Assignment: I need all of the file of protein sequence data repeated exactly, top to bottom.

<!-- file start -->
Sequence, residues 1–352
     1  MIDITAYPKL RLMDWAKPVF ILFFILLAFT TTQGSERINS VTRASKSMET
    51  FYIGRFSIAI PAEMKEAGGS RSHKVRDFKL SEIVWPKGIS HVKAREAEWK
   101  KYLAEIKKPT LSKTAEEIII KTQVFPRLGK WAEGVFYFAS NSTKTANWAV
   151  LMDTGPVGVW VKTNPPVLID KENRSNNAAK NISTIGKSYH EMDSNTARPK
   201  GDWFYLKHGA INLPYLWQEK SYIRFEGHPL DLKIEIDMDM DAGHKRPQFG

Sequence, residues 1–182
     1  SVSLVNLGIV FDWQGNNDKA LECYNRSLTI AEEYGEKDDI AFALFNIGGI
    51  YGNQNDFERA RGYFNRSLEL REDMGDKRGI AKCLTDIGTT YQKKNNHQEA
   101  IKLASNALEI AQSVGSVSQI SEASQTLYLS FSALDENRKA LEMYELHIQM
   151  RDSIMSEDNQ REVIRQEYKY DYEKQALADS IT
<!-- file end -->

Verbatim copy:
Sequence, residues 1–352
     1  MIDITAYPKL RLMDWAKPVF ILFFILLAFT TTQGSERINS VTRASKSMET
    51  FYIGRFSIAI PAEMKEAGGS RSHKVRDFKL SEIVWPKGIS HVKAREAEWK
   101  KYLAEIKKPT LSKTAEEIII KTQVFPRLGK WAEGVFYFAS NSTKTANWAV
   151  LMDTGPVGVW VKTNPPVLID KENRSNNAAK NISTIGKSYH EMDSNTARPK
   201  GDWFYLKHGA INLPYLWQEK SYIRFEGHPL DLKIEIDMDM DAGHKRPQFG

Sequence, residues 1–182
     1  SVSLVNLGIV FDWQGNNDKA LECYNRSLTI AEEYGEKDDI AFALFNIGGI
    51  YGNQNDFERA RGYFNRSLEL REDMGDKRGI AKCLTDIGTT YQKKNNHQEA
   101  IKLASNALEI AQSVGSVSQI SEASQTLYLS FSALDENRKA LEMYELHIQM
   151  RDSIMSEDNQ REVIRQEYKY DYEKQALADS IT